But U.S. Tourism Down 85% This Summer : Airports Now Safe, Italy’s Envoy Says

Times Staff Writer

Security at Italy’s airports has been beefed up and they are now as safe as America’s, Italy’s ambassador to Washington, Rinaldo Petrignani, said Thursday.

“Rome is now one of the safest airports in the world,” the envoy asserted in an interview.

For the record:

12:00 AM, Jun. 22, 1986 For the Record
Los Angeles Times Sunday June 22, 1986 Home Edition Part 1 Page 2 Column 1 Foreign Desk 2 inches; 40 words Type of Material: Correction
The Italian Consulate in Los Angeles said that it erred on figures it furnished to The Times that were published Friday on the decline in bookings in Italy by American tourists this summer. The correct figures for the approximate decline in such bookings, the consulate said, are 25% to 35%.

Petrignani said he hopes that terrorist threats against Italian magistrates involved in the current trial in Genoa of the hijackers of the cruise ship Achille Lauro will not further deter Americans from visiting Italy.

He said Italian bookings by American tourists this summer have dropped 85% to 95%. The drop, which has, to varying degrees, affected other countries in Western Europe, has been attributed to fear of terrorism and the declining strength of the dollar.


Petrignani was in Los Angeles to present his views on how and why European and American perceptions of terrorism differ in a speech Wednesday night to the World Affairs Council.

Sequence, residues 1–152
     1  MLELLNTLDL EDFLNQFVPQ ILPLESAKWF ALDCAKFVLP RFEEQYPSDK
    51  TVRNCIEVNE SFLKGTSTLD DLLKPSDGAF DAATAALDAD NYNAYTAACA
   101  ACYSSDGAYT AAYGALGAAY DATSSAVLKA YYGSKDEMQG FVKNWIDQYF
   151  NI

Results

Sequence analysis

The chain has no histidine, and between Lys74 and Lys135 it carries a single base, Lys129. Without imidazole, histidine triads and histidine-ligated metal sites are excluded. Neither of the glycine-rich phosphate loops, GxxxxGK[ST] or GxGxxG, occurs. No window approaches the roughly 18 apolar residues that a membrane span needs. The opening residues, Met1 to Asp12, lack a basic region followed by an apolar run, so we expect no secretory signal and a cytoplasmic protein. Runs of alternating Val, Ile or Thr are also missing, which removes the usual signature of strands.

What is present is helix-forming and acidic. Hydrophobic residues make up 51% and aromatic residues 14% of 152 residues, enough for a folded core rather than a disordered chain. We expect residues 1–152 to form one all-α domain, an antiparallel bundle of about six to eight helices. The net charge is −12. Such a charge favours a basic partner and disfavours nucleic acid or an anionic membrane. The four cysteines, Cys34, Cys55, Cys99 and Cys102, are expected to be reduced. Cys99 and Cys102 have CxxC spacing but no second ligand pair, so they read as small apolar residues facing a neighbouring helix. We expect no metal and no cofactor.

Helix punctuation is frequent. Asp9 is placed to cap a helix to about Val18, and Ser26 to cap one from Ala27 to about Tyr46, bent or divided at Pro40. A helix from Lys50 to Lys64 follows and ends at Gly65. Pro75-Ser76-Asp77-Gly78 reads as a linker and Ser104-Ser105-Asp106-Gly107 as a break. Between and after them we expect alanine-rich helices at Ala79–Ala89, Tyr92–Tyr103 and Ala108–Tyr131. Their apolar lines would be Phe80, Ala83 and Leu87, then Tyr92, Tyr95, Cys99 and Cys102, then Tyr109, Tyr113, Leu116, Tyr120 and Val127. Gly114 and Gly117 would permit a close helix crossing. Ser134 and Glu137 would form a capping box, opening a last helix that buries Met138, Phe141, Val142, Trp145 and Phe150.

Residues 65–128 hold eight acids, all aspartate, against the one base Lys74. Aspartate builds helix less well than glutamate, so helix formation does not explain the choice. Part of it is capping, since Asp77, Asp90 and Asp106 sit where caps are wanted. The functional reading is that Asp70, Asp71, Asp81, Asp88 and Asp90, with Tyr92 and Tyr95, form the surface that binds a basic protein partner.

In the interview Thursday with The Times, he repeated that despite the risk to its magistrates, the Italian government is committed to prosecuting the perpetrators of last October’s Achille Lauro hijacking and the “heinous” murder of a wheelchair-bound American passenger, Leon Klinghoffer, 69.

“Many expressed doubt that we would ever come to this point,” Petrignani said, “but we consider it our duty. Occasional disagreements on methods (of combatting terrorism) do not change the fact that Europe is just as determined as America to combat terrorism.”

Relations between Italy and the United States were tense when Italy allowed Abul Abbas, the reputed mastermind of the Achille Lauro hijacking, to leave the country last October, saying there was not enough evidence to hold him.


Abbas, along with four of the five hijackers now present in the courtroom in Genoa, was leaving Cairo on an Egyptian plane when U.S. warplanes forced it to land in Sicily. But while it held the other four, Italy freed Abbas, only later indicting him for his alleged role in the hijacking. He is among 10 defendants being tried in absentia.

Petrignani said that the other reason Abbas was not held was to preserve Italy’s relations with Egypt.

“We would have had to storm the plane, and that would have been an act of war against Egypt,” he said. "(Egyptian) President Hosni Mubarak was facing strong and dangerous opposition--a wave of anti-American, anti-Western sentiment--and we thought it was best not to bring relations to the breaking point.”

Petrignani said that Italy has confronted another issue that had created some coolness between it and the United States--how to deal with Libya, which the Reagan Administration has accused of sponsoring terrorism.


Since the Tokyo economic summit meeting last month, when Japan and the major Western powers agreed on measures to combat terrorism, Italy has sharply reduced its ties to Libya, he noted.

Relations between the United States and Italy have been restored to their former level of “full friendship and cordiality,” he added.